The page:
Frequency dependence limits divergent evolution by favouring rare immigrants over residents
In a study using stickleback fish, negative frequency-dependent selection favours rare immigrants over common residents, weakening the effect of divergent natural selection.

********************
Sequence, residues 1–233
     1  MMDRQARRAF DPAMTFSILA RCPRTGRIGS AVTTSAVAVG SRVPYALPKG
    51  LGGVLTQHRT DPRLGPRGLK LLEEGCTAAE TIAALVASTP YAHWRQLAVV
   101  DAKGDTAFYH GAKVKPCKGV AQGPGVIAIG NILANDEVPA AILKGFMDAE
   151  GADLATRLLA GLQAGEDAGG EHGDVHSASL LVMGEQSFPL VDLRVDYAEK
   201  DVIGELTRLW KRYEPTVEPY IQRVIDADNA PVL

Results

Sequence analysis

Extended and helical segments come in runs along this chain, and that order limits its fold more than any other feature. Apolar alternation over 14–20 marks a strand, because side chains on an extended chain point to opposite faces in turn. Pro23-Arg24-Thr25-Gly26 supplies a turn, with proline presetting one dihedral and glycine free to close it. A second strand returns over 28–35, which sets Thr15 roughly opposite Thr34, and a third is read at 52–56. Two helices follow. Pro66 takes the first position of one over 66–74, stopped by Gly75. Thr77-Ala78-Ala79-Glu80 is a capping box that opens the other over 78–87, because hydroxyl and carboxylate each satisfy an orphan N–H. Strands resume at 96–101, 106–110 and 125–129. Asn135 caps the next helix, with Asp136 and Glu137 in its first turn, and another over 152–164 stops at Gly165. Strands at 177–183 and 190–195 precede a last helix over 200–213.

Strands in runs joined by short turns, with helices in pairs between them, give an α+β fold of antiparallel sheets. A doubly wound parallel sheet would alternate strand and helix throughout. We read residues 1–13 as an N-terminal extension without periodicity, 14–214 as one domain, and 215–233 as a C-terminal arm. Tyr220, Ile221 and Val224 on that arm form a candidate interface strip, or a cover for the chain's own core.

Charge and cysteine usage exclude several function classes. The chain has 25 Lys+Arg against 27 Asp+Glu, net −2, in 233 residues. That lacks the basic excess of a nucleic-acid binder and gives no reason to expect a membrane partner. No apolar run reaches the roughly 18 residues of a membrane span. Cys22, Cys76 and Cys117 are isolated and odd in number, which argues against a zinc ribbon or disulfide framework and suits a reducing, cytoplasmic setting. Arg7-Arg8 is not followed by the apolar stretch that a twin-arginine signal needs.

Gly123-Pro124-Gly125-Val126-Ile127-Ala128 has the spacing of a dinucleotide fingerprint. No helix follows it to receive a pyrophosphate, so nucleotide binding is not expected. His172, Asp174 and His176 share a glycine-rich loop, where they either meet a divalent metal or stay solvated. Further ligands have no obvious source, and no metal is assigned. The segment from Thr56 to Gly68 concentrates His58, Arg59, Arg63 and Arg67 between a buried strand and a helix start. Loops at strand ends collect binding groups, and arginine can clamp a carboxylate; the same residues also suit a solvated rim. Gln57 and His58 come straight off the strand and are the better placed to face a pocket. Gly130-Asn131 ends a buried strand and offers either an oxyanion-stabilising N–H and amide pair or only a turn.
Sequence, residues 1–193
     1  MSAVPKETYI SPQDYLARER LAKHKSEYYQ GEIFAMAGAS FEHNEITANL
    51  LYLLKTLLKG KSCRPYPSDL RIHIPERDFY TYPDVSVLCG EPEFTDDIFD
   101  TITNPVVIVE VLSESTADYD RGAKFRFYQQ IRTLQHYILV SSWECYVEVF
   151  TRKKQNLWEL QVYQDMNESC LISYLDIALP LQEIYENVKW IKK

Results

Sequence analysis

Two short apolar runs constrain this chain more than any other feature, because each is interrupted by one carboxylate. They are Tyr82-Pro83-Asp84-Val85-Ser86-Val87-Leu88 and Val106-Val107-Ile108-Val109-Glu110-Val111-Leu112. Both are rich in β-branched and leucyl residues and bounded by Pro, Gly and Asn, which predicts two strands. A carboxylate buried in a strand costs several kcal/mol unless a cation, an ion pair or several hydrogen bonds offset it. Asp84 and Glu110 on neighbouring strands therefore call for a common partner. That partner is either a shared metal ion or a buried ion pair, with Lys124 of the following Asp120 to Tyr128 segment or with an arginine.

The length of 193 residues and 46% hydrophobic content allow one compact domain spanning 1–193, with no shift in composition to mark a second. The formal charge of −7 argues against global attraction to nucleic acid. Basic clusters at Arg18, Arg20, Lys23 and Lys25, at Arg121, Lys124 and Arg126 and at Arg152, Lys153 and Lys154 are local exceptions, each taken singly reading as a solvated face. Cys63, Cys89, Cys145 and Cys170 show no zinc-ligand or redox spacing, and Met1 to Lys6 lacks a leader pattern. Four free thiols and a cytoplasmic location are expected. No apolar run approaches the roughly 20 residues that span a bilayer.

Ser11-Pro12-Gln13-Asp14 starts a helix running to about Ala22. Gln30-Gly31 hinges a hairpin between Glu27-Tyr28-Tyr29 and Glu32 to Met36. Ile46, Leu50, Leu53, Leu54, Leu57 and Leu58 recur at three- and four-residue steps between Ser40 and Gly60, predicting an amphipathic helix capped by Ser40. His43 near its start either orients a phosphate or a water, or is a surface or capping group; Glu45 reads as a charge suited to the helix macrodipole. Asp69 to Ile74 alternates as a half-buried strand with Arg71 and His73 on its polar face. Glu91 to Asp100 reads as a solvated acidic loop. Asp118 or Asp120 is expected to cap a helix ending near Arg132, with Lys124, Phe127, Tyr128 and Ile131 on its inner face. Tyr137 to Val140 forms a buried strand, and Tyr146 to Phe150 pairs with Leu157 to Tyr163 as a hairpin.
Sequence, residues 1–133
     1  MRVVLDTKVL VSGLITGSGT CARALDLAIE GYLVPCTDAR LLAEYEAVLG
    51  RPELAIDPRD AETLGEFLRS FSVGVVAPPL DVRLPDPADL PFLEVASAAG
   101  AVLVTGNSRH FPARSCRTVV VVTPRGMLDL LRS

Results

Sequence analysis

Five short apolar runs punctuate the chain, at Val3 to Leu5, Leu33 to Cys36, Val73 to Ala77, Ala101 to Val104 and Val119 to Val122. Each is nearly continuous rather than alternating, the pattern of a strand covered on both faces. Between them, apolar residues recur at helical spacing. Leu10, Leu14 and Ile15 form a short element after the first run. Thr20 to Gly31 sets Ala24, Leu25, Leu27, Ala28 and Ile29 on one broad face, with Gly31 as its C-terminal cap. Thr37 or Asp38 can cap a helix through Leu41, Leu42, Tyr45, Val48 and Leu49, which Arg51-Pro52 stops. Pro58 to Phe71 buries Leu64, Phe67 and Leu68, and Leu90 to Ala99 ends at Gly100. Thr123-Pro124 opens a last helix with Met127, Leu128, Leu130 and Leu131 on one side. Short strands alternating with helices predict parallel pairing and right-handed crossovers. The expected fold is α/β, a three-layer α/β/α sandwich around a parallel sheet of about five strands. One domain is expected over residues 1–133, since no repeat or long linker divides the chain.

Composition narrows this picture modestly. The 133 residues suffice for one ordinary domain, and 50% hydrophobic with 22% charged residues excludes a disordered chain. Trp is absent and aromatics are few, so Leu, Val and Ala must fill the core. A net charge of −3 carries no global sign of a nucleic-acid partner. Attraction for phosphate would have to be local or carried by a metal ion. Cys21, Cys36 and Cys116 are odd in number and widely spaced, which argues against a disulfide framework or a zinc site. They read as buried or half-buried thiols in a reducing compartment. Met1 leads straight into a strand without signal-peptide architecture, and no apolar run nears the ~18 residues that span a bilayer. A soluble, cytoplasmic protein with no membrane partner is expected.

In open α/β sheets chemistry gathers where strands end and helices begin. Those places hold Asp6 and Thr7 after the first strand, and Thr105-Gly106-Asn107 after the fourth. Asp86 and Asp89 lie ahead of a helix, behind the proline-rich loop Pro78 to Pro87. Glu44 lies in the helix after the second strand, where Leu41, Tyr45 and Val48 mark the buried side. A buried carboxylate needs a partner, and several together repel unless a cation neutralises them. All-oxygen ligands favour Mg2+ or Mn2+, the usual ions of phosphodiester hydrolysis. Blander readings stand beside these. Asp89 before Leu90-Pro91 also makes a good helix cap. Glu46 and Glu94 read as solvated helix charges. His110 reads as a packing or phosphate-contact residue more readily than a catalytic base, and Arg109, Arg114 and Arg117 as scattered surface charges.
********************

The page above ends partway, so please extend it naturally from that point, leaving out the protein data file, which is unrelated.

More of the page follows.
Two distinct forms of natural selection promote adaptive biological diversity. Divergent selection occurs when different environments favour different phenotypes, leading to increased differences between populations1. Negative frequency-dependent selection occurs when rare variants within a population are favoured over common ones2, increasing diversity within populations3. These two diversifying forces promote genetic variation at different spatial scales, and may act in opposition, but their relative effects remain unclear because they are rarely measured concurrently. Here we show that negative frequency-dependent selection within populations can favor rare immigrants over locally adapted residents. We reciprocally transplanted lake and stream ecotypes of threespine stickleback4 into lake and stream habitats, while manipulating the relative abundance of residents versus immigrants. We found negative frequency-dependence: survival was highest for the locally rare ecotype, rather than natives. Also, individuals with locally rare major histocompatibility complex (MHC) class IIb genotypes were infected by fewer parasites. This negative frequency-dependent selection will tend to favour rare immigrants over common residents, amplifying the effect of migration and undermining the efficacy of divergent natural selection to drive population differences. The only signal of divergent selection was a tendency for foreign fish to have higher parasite loads than residents, after controlling for MHC genotype rarity. Frequency-dependent ecological interactions have long been thought to promote speciation. Our results suggest a more nuanced view in which negative frequency dependence alters the fate of migrants to promote or constrain evolutionary divergence between populations.